Posts Tagged ‘yaoundé’

Dreams and elegant perseverance

October 12, 2014

Recently, news reached me of the death, last month, of Simon Pierre Bell, filmmaker, film festival organiser, eternal optimist and a friend.

‘Drop everything and make sure you get here.’ It was not exactly in those terms that he invited me to the first edition of “Images en Live”, a documentary festival that he and his friends had organised in the Cameroonian capital Yaoundé but sure enough that is what he meant.

We had met two years previously at a jazz festival in the Senegalese town of Saint Louis and had kept in touch. Bell (which is how he signed off his emails and how everyone called him) was immersed in arts. Film especially, but his curiosity ensured he enjoyed many art forms, including music, hence the jazz festival meeting. And fashion, he had a marvellous knack for sartorial elegance.

“Images en Live” was his idea. ‘We are inundated by work about us, but not by us,’ he told me. ‘We have countless foreign filmmakers coming here to put together documentaries – about us. I think it would be ideal for us Africans to realise our own images.’

There were more layers to his initiative. Not only were these locally made films (including his own); they were also meant to showcase what the young of his city, his country were capable of. ‘People should have some confidence in us. We do what we say,’ he told me on the opening night of the first “Images en Live”. Was that the mildest of rebukes to a political class that talked a lot and had achieved next to nothing? Could be.

Because here’s another layer: creating your own images and showing them to the world is liberating in and of itself. But, insisted Bell, it also does something else: ‘As documentary makers we ask difficult questions to the society we live in and try to change people’s mentalities. You don’t achieve this by importing images.’ The first festival featured at times confrontational but also humoristic insights into life in what everyone (who doesn’t live there) thinks is a dangerous slum, government-mandated house demolitions, adoption, living with polio, story telling, changes in rural Cameroon and much more…

Donors were not that interested, initially. But that did not deter him, in two ways. First off, he, his family and friends managed to finance the entire first edition of “Images en Live” from their own pockets. It took place in December 2009. But second, he coolly went back to the donor community after the success of that first edition and found them more open to his ideas. Lesser mortals like myself would have told them to get lost forever but resentment versus healthy pragmatism? No contest.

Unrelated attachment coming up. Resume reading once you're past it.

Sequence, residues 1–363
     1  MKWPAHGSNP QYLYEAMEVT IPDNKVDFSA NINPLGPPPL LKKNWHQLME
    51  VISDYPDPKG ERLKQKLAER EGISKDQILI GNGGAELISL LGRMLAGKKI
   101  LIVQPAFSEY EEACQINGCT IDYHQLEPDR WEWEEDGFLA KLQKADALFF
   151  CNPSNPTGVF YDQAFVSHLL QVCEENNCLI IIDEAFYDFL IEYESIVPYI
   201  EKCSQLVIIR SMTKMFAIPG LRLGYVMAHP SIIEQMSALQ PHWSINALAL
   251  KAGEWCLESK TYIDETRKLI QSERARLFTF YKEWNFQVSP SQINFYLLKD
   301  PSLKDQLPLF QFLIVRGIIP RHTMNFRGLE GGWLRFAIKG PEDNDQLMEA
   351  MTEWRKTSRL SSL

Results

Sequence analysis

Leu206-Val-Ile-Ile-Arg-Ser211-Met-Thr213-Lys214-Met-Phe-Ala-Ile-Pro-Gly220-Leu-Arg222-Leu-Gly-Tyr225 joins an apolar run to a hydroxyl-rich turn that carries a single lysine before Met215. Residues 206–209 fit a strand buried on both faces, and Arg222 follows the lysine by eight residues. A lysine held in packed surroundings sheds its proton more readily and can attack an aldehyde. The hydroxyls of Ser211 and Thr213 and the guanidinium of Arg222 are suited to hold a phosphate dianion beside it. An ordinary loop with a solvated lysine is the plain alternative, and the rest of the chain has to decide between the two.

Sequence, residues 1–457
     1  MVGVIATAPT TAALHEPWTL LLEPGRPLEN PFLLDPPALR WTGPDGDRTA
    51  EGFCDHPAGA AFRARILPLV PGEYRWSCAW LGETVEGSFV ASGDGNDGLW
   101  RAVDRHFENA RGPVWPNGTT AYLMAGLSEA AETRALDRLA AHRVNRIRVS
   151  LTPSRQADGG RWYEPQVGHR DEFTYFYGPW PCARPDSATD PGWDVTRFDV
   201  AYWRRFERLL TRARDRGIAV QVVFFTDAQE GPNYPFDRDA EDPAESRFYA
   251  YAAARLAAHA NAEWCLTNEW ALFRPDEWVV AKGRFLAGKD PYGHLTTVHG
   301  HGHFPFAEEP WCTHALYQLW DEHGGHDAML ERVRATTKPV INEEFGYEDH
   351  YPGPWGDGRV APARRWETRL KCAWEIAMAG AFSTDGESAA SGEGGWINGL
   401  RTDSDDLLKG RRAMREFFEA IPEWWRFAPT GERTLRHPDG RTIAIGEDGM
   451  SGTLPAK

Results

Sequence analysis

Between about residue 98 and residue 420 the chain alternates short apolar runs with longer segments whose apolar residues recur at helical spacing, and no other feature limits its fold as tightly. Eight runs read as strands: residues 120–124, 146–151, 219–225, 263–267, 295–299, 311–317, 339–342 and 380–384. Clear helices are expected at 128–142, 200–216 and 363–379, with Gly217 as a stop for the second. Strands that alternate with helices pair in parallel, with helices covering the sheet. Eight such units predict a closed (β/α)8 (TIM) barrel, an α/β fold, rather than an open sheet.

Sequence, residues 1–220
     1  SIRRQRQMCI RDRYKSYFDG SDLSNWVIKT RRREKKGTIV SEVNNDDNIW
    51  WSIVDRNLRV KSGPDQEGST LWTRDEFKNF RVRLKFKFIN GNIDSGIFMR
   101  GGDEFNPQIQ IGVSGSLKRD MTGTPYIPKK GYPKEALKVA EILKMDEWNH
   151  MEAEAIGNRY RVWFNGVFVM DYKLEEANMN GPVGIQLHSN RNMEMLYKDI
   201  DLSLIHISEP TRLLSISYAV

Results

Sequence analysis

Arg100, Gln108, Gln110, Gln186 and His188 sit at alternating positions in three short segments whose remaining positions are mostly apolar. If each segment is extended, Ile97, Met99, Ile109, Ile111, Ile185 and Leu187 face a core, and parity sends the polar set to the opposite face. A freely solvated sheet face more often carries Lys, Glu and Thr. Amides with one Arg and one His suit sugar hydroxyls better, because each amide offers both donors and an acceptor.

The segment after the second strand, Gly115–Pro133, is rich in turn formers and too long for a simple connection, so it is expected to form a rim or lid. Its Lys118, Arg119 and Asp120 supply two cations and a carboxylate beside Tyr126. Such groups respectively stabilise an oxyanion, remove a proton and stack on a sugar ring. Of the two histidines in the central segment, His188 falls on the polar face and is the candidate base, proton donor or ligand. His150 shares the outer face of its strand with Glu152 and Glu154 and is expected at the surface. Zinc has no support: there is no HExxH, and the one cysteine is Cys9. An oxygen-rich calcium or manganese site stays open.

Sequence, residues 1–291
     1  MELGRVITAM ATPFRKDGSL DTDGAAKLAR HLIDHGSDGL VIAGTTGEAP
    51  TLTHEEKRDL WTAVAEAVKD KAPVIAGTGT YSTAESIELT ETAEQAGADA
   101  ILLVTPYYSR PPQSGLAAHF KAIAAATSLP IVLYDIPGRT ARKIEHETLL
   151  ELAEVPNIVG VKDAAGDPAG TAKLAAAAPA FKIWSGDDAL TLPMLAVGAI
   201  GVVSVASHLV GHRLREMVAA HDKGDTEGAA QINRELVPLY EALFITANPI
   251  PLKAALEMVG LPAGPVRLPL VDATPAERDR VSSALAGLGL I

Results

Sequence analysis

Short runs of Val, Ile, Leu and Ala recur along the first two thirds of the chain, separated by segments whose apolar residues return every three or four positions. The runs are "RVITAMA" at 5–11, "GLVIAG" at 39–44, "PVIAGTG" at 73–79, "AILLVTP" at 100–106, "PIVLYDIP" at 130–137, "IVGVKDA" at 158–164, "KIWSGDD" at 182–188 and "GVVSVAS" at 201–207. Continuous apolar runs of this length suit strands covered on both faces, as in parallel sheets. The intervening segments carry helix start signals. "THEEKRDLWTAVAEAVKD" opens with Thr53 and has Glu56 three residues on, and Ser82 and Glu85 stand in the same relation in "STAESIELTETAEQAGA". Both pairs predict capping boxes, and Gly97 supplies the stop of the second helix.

Opening night, first "Images en Live", Yaoundé, 8 December 2009

Opening night, first “Images en Live”, Yaoundé, 8 December 2009. Picture by this blogger. 

Films about here, made here, by filmmakers from here required an audience from here. That posed a problem because the number of cinemas that could be used for that purpose in Yaoundé had dwindled to…zero. They had been turned into places of worship, supermarkets, warehouses. Was there a solution? Always.

The two foreign cultural centres in town, French and German, offered their projection halls. Fine for the expats and the local bon chic bon genre who frequent these places. ‘We cannot do without them,’ Bell insisted. ‘But we also have a traveling cinema. We are bringing film to the people! If we don’t do this they will think that film is just for the elites and that’s not true. They should be able to see these images as well, ask questions and contribute to the evolution of this society.’ It was not easy.

One night, behind a parking lot and watched by some disinterested shop owners, the organisers and a dwindling crowd of spectators waited until the crew showed up – hours late – with the projector and the mobile screen. The next night though, revenge was sweet as a much larger crowd of people showed up, watched the films, stayed on and discussed until late in the evening. Luckily, this was within walking distance of his own home, which he had generously converted into a B&B. For me.

 

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The festivals continued, every year, in December. I received an invitation for the second edition and never made it. Flying from Dakar to Yaoundé is insanely expensive and I was unable to cover even less than a quarter of the airfare. After “Images en Live” Second Edition, Bell sent me an email and said this time it had exceeded all expectations: full houses everywhere, projections all over town that had pulled large crowds. So, a visit to number three then? That was on the cards but the one airline that made this connection without taking me halfway around the world folded that year, 2011, thanks to the Ivorian political crisis. We stayed in touch through the internet, on the phone occasionally and kept on mentioning meeting up again, for his graduation earlier this year, for the next festival…

At the opening night of the very first “Images en Live”, I asked him where we would be in five years’ time. He was characteristically optimistic and predicted a festival in full bloom, a window on a centre of excellence in documentary making. None of us had the faintest idea that this next edition of “Images en Live”, five years after our conversation, would happen without him. It will be a tribute, it must be. Here’s to you, Simon Pierre Bell, to your life, your work and your dreams. They will surely live on and you will surely be part of them.

If anyone reading this is in Yaoundé, there is a special evening in his honour on October 14, at the Institut Français.

We need planes and lots of them!!

December 19, 2009